Alcohol Ban on Scotland’s Trains
There was a time when you would find a late-night train full of passengers heading home from a night out. They may be possibly rounding out the evening with a few drinks. Some people would have a drink on a train to break up the journey with a beer. However, this has no longer been possible since 2012, when Scotland introduced a ban on alcohol on trains in the evenings and the mornings.
The measure was introduced following concerns about drunken anti-social behaviour taking place on Scottish trains. It is a move which had been applauded by British Transport Police and the local government, and most rail passengers who wish to travel in safety and don’t want to be in a train carriage with drunk people at night.
People have the right to make the journey home without feeling intimidated by often loud, drunk fuelled passengers. There have been instances where ScotRail employees, porters or ticket collectors, have been subject to abuse, both verbal and in some cases even physical. It is true most of the people who ride on trains are decent, law-abiding citizens who do not mean any harm. However, the fact is there is often a small minority who may lose control and misbehave under the influence of alcohol and spoil the rail journey for everyone. Therefore, in order to ensure people travel in a secure, friendly atmosphere while reducing the number of drink-related incidents, the ban on alcohol, overseen by Scotrail, was first introduced in 2002.
ScotRail operates more than 90% of the trains running in Scotland, which amounts to in excess of 2,000 services per day. They stated that, when the alcohol ban went into effect six years ago, it would be enforced between 9.00 in the evening, all the way through to 10.00 in the morning. There had already been a restriction on alcohol aboard trains carrying passengers to special events such as football or rugby matches.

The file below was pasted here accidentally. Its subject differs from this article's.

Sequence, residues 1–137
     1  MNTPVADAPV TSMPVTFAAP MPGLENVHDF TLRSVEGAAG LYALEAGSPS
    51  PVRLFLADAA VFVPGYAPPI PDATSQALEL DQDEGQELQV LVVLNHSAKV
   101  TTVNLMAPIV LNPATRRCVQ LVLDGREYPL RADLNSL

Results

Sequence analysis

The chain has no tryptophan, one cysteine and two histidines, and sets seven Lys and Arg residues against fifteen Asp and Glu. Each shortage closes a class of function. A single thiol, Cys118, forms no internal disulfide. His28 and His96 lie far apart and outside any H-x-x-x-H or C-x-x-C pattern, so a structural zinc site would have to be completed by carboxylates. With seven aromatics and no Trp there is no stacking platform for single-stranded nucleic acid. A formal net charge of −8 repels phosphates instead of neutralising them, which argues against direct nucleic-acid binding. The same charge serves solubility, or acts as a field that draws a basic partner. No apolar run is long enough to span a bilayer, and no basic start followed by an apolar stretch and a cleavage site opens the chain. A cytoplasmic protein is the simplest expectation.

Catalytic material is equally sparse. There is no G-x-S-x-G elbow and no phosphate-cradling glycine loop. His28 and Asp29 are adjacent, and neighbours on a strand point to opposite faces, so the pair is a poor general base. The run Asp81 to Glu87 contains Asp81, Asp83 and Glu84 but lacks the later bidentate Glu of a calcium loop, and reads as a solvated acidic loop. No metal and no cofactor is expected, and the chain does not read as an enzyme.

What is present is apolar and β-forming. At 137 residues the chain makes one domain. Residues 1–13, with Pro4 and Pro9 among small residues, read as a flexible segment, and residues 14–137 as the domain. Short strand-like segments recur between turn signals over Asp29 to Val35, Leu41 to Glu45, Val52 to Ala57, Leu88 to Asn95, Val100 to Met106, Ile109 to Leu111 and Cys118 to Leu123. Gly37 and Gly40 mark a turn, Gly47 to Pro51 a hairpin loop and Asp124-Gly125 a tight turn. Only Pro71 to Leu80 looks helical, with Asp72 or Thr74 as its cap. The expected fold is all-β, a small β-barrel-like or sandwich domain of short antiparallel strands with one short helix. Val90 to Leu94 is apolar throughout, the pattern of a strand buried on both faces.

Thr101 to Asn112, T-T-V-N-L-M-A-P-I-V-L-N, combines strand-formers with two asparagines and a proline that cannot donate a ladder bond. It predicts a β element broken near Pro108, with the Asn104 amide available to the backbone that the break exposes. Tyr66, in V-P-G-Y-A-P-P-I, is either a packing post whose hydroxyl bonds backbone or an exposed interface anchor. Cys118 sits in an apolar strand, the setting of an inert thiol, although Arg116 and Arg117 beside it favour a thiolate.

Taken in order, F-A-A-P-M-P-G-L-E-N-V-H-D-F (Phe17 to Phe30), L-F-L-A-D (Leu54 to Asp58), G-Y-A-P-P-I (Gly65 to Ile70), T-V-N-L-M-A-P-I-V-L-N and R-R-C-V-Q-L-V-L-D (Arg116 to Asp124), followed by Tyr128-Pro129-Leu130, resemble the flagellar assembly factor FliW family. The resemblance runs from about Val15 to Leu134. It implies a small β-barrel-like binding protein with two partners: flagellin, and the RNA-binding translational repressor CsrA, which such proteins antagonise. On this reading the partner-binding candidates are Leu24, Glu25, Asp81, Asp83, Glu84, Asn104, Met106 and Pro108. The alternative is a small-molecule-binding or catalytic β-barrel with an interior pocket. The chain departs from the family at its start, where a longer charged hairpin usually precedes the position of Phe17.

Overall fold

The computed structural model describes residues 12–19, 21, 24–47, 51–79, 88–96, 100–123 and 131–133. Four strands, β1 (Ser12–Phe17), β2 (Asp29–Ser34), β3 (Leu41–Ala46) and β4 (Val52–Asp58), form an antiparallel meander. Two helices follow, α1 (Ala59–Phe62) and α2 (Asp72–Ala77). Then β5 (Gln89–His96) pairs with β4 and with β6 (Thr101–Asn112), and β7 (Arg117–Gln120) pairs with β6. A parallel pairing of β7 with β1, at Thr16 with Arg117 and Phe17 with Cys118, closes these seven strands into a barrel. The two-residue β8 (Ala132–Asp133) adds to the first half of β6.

In the build-up to the introduction of the ban, Scotrail ran a month-long publicity campaign to inform passengers of the changes. Prior to a two-week induction process, where people could gradually get used to the new anti-drinking policy.
Now the change in the law has come into effect, you should be aware if you are found to be grossly intoxicated, or behaving in an unruly manner, you will not be allowed onboard, either day or night. Those purchasing alcohol from the drinks trolley will not be served past 8.30 in the evening and you will have to finish your drink by 9.00. Any inebriated passenger not going along with these provisions, from acting inappropriate to refusing to leave the train when asked by staff, may be turned over to British Transport Police.
During the hours of 9 pm and 10 am the following morning you are not permitted to carry visible cans or bottles of alcohol in those hours, whether they were opened or not. However, while the alcohol ban will be carried out under current railway by-laws, passenger’s bags may not be searched prior to or during train journeys.
These are just a few of the measures which have seen a decrease in cases of anti-social behaviour, where Scotrail and the government are committed to monitoring how much alcohol people take on trains. This is all part of the growing call to make it safer and more comfortable to take a rail journey, without someone drinking too much spoiling your trip.